It can be seen from the above equation that:

  1. the three pulsating mmf functions combine to create a rotating mmf function, with constant magnitude fundamental frequency component
  2. the magnitude of the rotating mmf is 1.5 times the magnitude of the pulsating mmf components
  3. all mulitples of the third harmonics (called triplen harmonics) are eliminated
  4. the magnitude of a higher space harmonic is inversely proportional to the harmonic number
  5. harmonic numbers \(n=6k+1\quad k=0,1,2,3 \dots\) rotate in the positive direction
  6. harmonic numbers \(n=6k-1\) rotate in the negative direction

Click one of the buttons below to see the animation with different numbers of harmonics.


The remainder of these notes will neglect higher space harmonics and assume that a simple three coil system is capable of producing a sinusoidal air gap mmf. This assumption is aided by the fact that most real machines are constructed with distributed windings which have been designed to futher minimse space harmonic components. The fundamental harmonic of mmf produced by a three phase winding, that is sinsusoidally varying in both space and time is given by

\[ \begin{aligned} \mathcal{F}_{tot} &= \frac{3\hat{I}N}{\pi} \cos \left( \omega_e t -\theta \right) \end{aligned} \]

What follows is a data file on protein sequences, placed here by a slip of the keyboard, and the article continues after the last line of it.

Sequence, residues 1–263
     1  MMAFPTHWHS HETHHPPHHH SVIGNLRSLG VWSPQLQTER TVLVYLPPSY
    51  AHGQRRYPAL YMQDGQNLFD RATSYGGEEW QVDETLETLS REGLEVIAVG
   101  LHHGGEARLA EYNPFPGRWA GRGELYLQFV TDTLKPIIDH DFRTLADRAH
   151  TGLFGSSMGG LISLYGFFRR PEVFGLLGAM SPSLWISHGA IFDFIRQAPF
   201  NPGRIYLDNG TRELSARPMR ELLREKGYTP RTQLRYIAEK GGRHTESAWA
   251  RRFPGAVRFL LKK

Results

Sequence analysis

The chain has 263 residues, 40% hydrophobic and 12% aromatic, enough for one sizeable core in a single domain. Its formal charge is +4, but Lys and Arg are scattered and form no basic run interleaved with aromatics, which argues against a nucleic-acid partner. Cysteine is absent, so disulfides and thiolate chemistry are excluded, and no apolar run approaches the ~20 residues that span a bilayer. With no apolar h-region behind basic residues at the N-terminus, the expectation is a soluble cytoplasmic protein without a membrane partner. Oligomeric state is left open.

Rotation Speed and Pole Number

The rotating magnetic field in the earlier example can be thought of as two rotating magnetic poles, a north pole and a south pole. As the supply current waveform moves through 180 degrees, the 2-pole field moves through 180 degrees, and the locations of the north and south poles is reversed. When the current waveform has moved through 360 degrees, the 2-pole field has moved through 360 degrees.

There is no reason to limit the number of poles in a machine to two. If the number of coils is increased, the coils can be arranged so that the winding pattern occurs more than once around the circumference of the air gap. This is illustrated with the image below, which shows the mmf pattern for one phase. Reducing the angle between the postive and negative coil sides, and repeating the coil arrangement, there are 4 magnetic poles, rather than 2.

2pole and 4pole mmf patterns
Fig.1 2pole and 4pole mmf patterns

Mathematically, defining \(p\) as the number of poles, the fundamental mmf for each phase is given by

\[ \begin{aligned} \mathcal{F_A} & =Ni_A\frac{2}{\pi} \cos\left[\frac{p}{2}\left(\theta_m\right) \right]\\ \mathcal{F_B} & =Ni_B\frac{2}{\pi} \cos\left[\frac{p}{2}\left( \theta_m - \frac{2\pi}{3} \right) \right] \\ \mathcal{F_C} & =Ni_C\frac{2}{\pi} \cos\left[\frac{p}{2}\left( \theta_m + \frac{2\pi}{3} \right) \right] \end{aligned} \]